Andy Yan, a senior urban planner and adjunct professor at UBC, stood in front of about 50 American developers and planners at a workshop this week and watched their jaws drop. He compared Vancouver’s median household income, about $57,000, alongside the average detached house price – $1.36-million.
“They were floored,” Mr. Yan says. “We have profound economic challenges.”
Mr. Yan was one of the presenters as the U.S.-based Urban Land Institute held its annual meeting this week in Vancouver, with 3,000 delegates from around the world descending on the convention centre.
It was the first time that the ULI held its spring conference outside of the U.S., and it was more than a symbolic gesture that Vancouver is, in real estate terms, one of the most economically thriving cities in the world.
“It’s taken me five years of my life to get the conference here, and I’m pretty proud,” says local architect Alan Boniface, chair of the BC chapter of the ULI. “I lobbied hard, to be frank. The poster child for the ULI is Vancouver – it has real estate up the ying yang, so that certainly helped.”
From a global perspective, Vancouver is booming, a leading example of a thriving foreign real estate investment market. But as Vancouverites are well aware – and Mr. Yan pointed out – there’s been a price to pay, particularly in the form of unaffordable housing.
Of the positives, says Mr. Yan, we can lay claim to smart use of surplus industrial land. Areas that were once dead zones, such as the Olympic Village/Flats and Railtown areas, are now destination neighbourhoods, made interesting because of tech, design and artisan industries that have set up shop. While several cities in the U.S. still suffer the repercussions of the recession, they look to Vancouver as an example of a city that’s at the top of its game.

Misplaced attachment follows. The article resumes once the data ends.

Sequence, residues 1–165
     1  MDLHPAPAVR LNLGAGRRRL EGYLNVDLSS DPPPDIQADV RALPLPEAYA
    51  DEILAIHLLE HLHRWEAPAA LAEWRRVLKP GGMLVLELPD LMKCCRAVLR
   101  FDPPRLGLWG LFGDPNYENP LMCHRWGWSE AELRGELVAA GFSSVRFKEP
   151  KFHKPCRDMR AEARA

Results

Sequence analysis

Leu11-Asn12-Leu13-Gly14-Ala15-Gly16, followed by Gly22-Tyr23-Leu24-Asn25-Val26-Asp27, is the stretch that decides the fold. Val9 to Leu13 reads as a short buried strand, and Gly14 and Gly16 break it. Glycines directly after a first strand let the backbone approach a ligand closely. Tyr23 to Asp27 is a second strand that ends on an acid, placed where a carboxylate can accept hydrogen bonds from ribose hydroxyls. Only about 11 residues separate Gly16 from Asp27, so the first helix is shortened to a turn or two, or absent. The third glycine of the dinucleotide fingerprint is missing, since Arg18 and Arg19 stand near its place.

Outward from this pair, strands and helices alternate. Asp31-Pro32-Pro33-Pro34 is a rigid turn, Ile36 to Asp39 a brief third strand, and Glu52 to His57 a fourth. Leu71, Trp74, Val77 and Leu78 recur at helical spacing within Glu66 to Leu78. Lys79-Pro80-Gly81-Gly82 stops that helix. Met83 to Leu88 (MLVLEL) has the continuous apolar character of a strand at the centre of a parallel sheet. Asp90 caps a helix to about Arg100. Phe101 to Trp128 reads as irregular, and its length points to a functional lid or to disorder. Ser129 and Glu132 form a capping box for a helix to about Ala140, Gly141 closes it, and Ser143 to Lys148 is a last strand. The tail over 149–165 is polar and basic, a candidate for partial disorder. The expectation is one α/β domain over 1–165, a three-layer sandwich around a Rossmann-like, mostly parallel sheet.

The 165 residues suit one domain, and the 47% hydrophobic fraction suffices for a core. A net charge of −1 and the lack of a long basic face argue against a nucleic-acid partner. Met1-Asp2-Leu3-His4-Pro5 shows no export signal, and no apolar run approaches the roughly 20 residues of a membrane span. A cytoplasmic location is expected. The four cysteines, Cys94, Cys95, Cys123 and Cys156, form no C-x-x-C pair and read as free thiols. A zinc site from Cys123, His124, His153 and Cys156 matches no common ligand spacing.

Mr. Boniface is an architect with the Vancouver office of national firm Dialog, and he’s definitely feeling the love. Dialog is the firm responsible for Granville Island, which is, unbeknownst to nearly everybody, the second hottest tourist spot in Canada, outside Niagara Falls. It is the jewel of destination spots, with more than 12 million visitors traipsing through Granville Island each year.
Dialog architects Norm Hotson and Joost Bakker conceived of the master plan for the peninsula back in 1975, transforming it from industrial to mixed-use with an emphasis on local marketplace, education, arts and artisans, and gritty work life carried out in the open. They wanted a place that didn’t hide its industry, and they elected to keep housing at its fringes to avoid any pushback from strata boards that might oppose the sights and sounds of it. Instead, Granville Island is surrounded by dense condo development that supports its economy. It’s the perfect example of complementary mixed-use housing, industrial and retail development.
It was a hugely winning formula, which lead to Dialog helping other mixed use markets get off the ground, including Seattle’s Pike Place, Ottawa’s ByWard, and Toronto’s St. Lawrence markets, and in the early days, the Distillery District. The firm is also helping with the new Great Northern Way neighbourhood that is anchored by the new Emily Carr University of Art and Design.